On Aquinas’s view, there is also a crucial difference.  The passion of hope is directed toward something we desire, and there is no guarantee that human beings will desire the right things.  Sometimes we hope for trivial things: I confess that I hope much for a Mariner pennant; someone else might hope for high scores on the latest computer game.  Such hopes seem innocent enough, though we recoil from scenes of soccer fans rioting after matches.  More importantly, human beings sometimes desire objectively evil things.  It is reported that Hitler hoped for war when he invaded Poland; victories via threat and diplomacy were no longer enough for him.  A fraudster may hope to escape detection or conviction.  Don Juan may hope to bed his neighbor’s wife.  So there is nothing in natural hope, hope as a passion, to count it a virtue.  For Aquinas, a virtue ought to “perfect” us, that is, help make us what we truly ought to be.
            The virtue of hope cannot go wrong in these ways, thought Aquinas.  The virtue of hope focuses on God, our true end.  Hope sustains pilgrims; we journey through opposition and difficulties toward a very great good.  We cannot truly hope for something that is opposed to that goal.
            Aquinas described a movement among the theological virtues.  By faith a person comes to believe that God is and rewards those who seek God; the soul becomes aware of the highest good.  In hope a person desires that great good and moves toward it; since our journey toward God lasts throughout this life, hope is a virtue for all stages of life.  (In contrast to Aristotle’s observation, Christian hope makes us all young.)  Love is the culmination of faith and hope; in love we are joined to God in friendship now and forever.
            Aquinas’s distinction between the natural passion of hope and the virtue of hope presents a challenge to secular philosophers who see that hope is a virtue.  Clearly, people can hope for evil things.  The secular philosopher’s analysis of hope needs a codicil: at a minimum, hope must focus on morally permissible objects.  Don Juan’s hope to bed his neighbor is a vice, not a virtue.  Further, truly praiseworthy hope ought to focus on genuinely good things.  My hopes for a Mariner pennant are innocent, but they don’t seem to link up with objective good in the way praiseworthy hope should. 
            These amendments to secular analyses of hope introduce controversy.  How do we know which objects of hope are morally permissible and/or objectively good.  But moral philosophers deal with those questions all the time.  Different ethical theories will answer in different ways.

[1] Pinches, Charles, “On Hope,” in Kevin Timpe and Craig A. Boyd, Eds. Virtues and Their Vices, Oxford University Press, 2014.

Thursday, April 7, 2016

Love & Hope

Love and Hope

            Iris Murdoch and Diogenes Allen, philosophers of the 20th century, believed that love lies at the center of ethics.  But they interpret love in a way that surprises some readers, at least at first.  Love is not, at root, what you feel or do, though of course it encompasses emotion and action.  Murdoch and Allen say that love consists first in the way we perceive other people and the world in general.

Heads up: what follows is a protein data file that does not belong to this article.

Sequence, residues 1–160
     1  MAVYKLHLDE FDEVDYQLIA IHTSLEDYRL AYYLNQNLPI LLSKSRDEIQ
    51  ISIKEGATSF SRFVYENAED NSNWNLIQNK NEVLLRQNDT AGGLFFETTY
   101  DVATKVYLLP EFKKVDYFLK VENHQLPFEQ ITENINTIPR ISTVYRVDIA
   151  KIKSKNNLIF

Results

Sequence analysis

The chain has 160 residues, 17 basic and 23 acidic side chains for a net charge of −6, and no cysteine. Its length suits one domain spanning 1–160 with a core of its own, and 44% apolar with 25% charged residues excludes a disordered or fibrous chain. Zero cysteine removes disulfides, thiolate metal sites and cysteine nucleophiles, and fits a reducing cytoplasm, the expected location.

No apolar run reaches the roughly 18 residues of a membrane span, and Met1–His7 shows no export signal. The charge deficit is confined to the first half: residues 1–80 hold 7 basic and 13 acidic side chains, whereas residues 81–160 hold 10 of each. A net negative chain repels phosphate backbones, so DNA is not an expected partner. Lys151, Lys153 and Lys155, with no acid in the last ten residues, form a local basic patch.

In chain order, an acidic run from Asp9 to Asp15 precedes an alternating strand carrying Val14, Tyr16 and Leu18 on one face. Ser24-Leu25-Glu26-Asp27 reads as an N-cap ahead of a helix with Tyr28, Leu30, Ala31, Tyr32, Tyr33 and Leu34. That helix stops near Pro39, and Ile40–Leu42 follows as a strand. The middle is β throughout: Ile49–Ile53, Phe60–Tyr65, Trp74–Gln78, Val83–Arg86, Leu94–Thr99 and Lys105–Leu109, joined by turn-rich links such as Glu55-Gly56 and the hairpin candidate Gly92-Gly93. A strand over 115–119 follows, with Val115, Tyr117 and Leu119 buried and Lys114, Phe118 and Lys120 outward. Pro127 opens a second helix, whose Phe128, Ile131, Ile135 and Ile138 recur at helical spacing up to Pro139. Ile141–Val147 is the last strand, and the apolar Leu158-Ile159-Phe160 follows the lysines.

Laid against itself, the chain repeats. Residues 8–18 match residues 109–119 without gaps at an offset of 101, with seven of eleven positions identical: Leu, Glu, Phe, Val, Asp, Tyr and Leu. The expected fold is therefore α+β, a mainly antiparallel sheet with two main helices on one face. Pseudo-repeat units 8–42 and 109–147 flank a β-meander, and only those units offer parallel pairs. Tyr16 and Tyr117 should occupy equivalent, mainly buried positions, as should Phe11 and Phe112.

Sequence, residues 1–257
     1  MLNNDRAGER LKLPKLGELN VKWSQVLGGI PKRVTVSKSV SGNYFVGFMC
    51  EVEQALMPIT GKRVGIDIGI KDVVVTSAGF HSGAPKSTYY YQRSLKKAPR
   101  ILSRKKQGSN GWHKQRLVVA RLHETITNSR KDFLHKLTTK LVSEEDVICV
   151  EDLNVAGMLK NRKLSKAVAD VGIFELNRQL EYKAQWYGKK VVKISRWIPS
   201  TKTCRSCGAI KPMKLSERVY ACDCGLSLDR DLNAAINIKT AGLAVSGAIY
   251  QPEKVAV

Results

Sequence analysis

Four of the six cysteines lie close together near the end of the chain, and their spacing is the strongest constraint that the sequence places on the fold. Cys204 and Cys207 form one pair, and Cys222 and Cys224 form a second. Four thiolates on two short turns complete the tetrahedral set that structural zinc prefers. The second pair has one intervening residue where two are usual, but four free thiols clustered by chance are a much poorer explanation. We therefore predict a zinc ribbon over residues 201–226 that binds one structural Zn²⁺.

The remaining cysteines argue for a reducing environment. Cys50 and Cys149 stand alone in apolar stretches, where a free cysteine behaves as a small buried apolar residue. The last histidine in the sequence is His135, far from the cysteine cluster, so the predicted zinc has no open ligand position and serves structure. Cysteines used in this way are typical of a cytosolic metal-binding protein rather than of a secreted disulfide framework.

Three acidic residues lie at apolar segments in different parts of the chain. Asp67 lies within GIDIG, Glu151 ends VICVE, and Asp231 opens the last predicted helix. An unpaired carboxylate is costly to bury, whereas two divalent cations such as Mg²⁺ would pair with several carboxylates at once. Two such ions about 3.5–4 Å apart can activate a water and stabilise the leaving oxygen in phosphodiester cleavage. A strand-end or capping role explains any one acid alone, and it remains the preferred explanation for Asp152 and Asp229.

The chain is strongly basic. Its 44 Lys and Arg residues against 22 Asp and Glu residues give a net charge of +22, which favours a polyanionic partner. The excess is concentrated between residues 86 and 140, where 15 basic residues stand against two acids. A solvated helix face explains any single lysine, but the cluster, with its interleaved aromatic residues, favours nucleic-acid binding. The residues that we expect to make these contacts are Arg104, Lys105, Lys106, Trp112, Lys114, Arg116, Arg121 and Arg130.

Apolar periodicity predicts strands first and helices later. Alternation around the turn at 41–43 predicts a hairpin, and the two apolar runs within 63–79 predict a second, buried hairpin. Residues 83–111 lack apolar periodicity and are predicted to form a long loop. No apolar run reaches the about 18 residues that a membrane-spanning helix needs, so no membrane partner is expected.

People naturally view other people as objects.  There are many possible reasons for this, rooted in human nature as explained by psychology, evolution, or theology.  Murdoch leaned toward Freudian ideas according to which human conscious experience is often shaped by unconscious forces having to do with instinctual desires and/or very early psychological development.  The explanation isn’t as important as the fact.  Most of the time we perceive other people as “things”: objects we want to have, or use, or flee.  We feel attracted to some people for companionship, or profit, or sexual fulfillment.  About others we feel repulsion or fear.  And often we simply ignore people as useless and uninteresting.
            Murdoch and Allen say this is a natural and nearly ubiquitous experience.  Given human nature as it is, we almost always see other people as planets in orbit around the sun—and the self, what Murdoch called the “fat, relentless ego,” is the center of the solar system.
           Almost always—on rare occasions we sometimes break out of the egocentric view of the world.  Sometimes something happens—an illness, perhaps, or a brush with death, or a sudden realization that one has irretrievably harmed another—and an agent is freed to see another person (or the whole world) as existing independently of the agent.  Besides writing philosophy, Murdoch wrote many novels, and some of her characters experience surprising interruptions in their egoism.  For a moment they see the world and its inhabitants without them in it.  And seeing it thusly, they love.